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Mike Trout wants to stay with the Los Angeles Angels, but is that the right move?

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Credit: Kiyoshi Mio-USA TODAY Sports

The Los Angeles Angels may be getting ready to say goodbye to Shohei Ohtani this off-season, but the guy that helped lure Ohtani to Anaheim in the first place, Mike Trout, plans on sticking around for the duration of his contract.

Trout told reporters this week, “I’m doing the same thing I’ve done the last 13 years. Going into the offseason, clearing my mind and going into spring wearing an Angels uniform.” He has seven years remaining on his 12 year, $426.5 million contract. But despite the speculation, Trout said nothing has changed.

There is going to be speculation this winter over whether or not Trout could waive his no-trade clause and end up on another club. While this is the norm for superstar players, this winter, with Ohtani hitting free agency, Trout not getting any younger, and the Angels not getting any better, the rumor mill will be swirling, despite what he said this week.

With those remaining seven years, Trout is owed around $260 million. That’s a lot of money to move in a potential trade. Funnily enough, after the modest payouts from the Miami Marlins when they traded Giancarlo Stanton to the New York Yankees, he was owed $265 million.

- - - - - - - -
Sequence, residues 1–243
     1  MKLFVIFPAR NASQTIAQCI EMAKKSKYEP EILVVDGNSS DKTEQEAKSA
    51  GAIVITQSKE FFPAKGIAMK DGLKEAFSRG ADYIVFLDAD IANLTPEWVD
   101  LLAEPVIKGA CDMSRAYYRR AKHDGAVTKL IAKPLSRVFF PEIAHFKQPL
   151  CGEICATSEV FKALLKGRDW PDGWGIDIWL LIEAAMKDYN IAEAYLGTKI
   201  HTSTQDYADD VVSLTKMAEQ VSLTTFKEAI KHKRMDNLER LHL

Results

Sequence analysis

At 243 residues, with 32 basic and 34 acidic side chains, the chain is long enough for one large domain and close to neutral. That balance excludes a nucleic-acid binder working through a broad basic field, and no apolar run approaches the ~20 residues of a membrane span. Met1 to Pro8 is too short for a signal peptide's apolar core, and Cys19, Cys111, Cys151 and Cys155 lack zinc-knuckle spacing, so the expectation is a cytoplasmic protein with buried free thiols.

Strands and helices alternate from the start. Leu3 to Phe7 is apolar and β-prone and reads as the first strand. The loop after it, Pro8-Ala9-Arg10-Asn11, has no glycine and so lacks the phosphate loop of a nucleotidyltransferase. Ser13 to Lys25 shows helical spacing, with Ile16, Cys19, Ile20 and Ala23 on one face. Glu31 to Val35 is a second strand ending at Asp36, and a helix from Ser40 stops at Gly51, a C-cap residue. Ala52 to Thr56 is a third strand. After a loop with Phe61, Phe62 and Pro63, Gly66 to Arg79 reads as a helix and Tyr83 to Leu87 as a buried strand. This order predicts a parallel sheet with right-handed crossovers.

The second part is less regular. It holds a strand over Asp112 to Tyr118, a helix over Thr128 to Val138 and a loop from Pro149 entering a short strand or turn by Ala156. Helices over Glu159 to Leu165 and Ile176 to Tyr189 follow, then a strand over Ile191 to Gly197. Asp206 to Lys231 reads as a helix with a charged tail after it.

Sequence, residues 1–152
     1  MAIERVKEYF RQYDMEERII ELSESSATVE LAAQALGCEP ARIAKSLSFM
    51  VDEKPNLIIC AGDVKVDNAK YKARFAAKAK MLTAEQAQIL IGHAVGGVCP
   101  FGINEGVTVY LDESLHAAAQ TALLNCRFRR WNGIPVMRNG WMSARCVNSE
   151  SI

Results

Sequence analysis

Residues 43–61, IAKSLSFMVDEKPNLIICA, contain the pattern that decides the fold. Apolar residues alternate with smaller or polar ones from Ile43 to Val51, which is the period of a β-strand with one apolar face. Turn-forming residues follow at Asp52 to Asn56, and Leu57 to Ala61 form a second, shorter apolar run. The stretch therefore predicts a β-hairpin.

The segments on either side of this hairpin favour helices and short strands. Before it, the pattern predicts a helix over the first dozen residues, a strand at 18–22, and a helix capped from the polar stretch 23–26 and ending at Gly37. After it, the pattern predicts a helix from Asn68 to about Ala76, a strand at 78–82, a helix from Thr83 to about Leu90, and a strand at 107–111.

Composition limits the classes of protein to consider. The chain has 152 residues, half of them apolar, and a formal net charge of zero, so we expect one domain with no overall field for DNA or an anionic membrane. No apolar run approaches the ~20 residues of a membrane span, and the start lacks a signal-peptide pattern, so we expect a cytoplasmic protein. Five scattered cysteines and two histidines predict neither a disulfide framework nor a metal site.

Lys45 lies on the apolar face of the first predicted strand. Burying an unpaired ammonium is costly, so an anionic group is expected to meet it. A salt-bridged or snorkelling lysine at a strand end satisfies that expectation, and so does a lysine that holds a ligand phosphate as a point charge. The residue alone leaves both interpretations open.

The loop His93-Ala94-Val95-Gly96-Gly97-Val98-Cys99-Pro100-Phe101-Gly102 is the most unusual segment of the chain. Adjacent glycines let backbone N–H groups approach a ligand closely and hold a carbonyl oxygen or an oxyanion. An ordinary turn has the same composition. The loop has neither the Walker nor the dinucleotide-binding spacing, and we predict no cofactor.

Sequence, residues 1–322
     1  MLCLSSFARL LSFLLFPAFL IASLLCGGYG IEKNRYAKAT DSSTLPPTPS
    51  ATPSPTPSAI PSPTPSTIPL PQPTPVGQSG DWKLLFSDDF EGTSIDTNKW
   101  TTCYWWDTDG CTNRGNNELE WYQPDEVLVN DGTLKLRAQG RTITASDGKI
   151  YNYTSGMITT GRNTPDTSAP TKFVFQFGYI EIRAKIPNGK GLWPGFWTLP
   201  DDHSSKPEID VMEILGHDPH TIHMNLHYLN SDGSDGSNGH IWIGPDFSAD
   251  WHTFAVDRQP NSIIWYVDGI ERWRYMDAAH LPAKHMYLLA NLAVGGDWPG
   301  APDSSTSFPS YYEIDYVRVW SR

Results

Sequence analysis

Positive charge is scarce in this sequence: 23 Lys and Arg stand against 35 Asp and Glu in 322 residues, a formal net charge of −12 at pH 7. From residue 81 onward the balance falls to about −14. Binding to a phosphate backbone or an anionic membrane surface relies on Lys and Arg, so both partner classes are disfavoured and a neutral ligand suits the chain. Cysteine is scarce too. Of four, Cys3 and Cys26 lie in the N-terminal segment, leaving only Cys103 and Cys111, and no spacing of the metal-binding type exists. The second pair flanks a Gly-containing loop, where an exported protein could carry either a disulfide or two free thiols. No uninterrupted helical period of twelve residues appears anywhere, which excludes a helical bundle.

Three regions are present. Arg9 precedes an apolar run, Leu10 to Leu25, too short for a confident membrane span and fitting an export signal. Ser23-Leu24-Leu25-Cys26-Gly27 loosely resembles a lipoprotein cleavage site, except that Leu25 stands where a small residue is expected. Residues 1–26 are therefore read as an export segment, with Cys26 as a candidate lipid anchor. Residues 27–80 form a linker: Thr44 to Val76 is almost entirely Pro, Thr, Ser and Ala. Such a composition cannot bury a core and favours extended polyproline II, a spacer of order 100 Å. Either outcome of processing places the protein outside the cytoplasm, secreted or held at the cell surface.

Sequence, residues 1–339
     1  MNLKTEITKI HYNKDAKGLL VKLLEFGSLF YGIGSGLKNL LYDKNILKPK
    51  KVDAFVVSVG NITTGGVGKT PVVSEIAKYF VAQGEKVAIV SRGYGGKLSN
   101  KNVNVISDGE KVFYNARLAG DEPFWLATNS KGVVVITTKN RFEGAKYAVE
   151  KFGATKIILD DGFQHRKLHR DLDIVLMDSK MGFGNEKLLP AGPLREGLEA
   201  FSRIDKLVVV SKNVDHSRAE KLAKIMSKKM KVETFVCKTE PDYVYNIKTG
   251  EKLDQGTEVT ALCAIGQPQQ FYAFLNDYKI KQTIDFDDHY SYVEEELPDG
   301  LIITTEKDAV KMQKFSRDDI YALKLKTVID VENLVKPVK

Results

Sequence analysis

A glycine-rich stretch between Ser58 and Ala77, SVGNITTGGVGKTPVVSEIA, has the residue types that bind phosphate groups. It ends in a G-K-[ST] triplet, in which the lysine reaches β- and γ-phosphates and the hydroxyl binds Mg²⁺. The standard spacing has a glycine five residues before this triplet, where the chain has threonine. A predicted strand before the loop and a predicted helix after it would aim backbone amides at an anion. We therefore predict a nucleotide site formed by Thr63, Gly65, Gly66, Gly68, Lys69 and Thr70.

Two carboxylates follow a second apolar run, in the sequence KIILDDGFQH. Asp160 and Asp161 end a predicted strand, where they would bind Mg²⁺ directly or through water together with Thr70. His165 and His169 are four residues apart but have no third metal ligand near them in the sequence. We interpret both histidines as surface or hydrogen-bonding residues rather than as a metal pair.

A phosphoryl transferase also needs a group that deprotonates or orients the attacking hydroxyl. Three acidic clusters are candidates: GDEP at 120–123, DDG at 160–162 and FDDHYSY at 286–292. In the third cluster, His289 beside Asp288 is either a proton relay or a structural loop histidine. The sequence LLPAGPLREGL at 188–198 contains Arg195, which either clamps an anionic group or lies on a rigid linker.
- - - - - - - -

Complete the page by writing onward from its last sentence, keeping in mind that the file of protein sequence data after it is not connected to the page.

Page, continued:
Should Trout want out of Anaheim? Where could he end up if he were traded? Let’s take a look at this from a few different angles.

The Giancarlo Stanton trade

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Stanton was moved for Starlin Castro, José Devers, and Jorge Guzmán. Castro reached free agency after two seasons with Miami.

Devers had just turned 18 when the deal went down after the 2017 season and is still just 23 years old. He debuted with Miami back in 2021, getting into 21 games and batting .244 with a .304 on-base percentage (OBP). He has spent the last two seasons in Double-A and has one option remaining.

Guzmán made quick appearances out of the Marlins bullpen in 2020 and 2021, tossing a combined 2.2 innings and gave up eight runs leading to a 27.00 ERA. He signed as a free agent with the San Francisco Giants following the 2021 season and was released in June of this year. He was the Marlins’ third-ranked prospect in 2018 with a power fastball and plus slider.